This week, this students and I have been reading They All Saw a Cat by Brendan Wenzel. You can read about the experience on this post: ReedALOUD: They All Saw a Cat. On this post, you will find examples of the thinking the book inspired in the students.
There is now a bulletin board outside the library showing second through fifth grade students' work with perspective taking: how they see themselves as learners and how they want others to see them as learning partners. After having a conversation, the first graders practiced drawing cats from an emotional/relationship or proximity perspective.
I connected They All Saw a Cat and this type of perspective taking to our work around our library rules, and after exploring the many amazing things about the book, I told the students that in order to take care of ourselves, our first school rule, they had to know themselves as learners... the reflection parts. I gave examples for how I see myself: enthusiastic, interested, creative. I added that in order to take care of others, they had to think about how others see them as members of our learning community. I then gave these examples for myself: flexible, curious, hardworking. For the younger students I play acted partners and thought bubbles. (I did something similar with Peter Brown's My Teacher is a Monster (No, I am Not) two years ago.)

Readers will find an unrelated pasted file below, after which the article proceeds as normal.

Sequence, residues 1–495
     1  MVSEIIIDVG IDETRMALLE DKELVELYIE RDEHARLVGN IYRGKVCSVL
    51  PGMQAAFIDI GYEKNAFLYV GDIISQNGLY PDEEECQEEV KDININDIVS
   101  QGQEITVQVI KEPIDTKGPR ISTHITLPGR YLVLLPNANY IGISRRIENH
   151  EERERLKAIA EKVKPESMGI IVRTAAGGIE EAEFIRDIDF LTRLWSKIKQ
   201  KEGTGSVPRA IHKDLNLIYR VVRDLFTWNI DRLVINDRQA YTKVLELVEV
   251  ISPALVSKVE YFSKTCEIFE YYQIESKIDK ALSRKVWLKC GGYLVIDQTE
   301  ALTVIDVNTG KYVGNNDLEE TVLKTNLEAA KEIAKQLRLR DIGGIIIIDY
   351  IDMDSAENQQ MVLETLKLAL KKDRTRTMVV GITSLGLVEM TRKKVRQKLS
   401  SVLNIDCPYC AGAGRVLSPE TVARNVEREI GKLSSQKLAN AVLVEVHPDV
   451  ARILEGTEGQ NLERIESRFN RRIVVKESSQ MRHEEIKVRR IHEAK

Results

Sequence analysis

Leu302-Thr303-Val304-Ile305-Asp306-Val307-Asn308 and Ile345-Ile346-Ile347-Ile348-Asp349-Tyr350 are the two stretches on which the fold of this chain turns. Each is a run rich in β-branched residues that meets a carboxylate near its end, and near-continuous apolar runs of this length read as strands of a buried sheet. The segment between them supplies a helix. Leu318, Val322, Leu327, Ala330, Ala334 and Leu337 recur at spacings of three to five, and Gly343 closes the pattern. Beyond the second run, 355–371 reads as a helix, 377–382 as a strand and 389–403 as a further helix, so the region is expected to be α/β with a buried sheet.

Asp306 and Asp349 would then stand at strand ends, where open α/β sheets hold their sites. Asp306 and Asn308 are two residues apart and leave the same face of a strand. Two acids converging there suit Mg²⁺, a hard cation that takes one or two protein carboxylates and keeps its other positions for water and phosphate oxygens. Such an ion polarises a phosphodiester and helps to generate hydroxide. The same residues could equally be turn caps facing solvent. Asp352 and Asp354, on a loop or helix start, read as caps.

This is our almost complete bulletin board. The first graders created the cat borders, like the one on the bottom and I have one more to hang up.
Fourth and Fifth Grade
I created a window and a mirror hoping to further encourage introspection and give the students a more tangible prompt.
I drew a cat and a pond, mirroring (no pun intended) the final pages of the book, hoping to help them better separate the type of perspective.
The second grade students shared a word that they hopes would be in a projects partners thought bubble when thinking about them as a learning partner. (The thought bubble is important because we always use a poker face when hearing partners and groups.)
They also drew cats from close up and far away (proximity perspectives) as well as tried to show how they feel about cats (emotive relationship/perspective).
The first graders had a conversation, joined Emily Arrow in a sin-along song of the book, and drew a cat border for the bulletin board.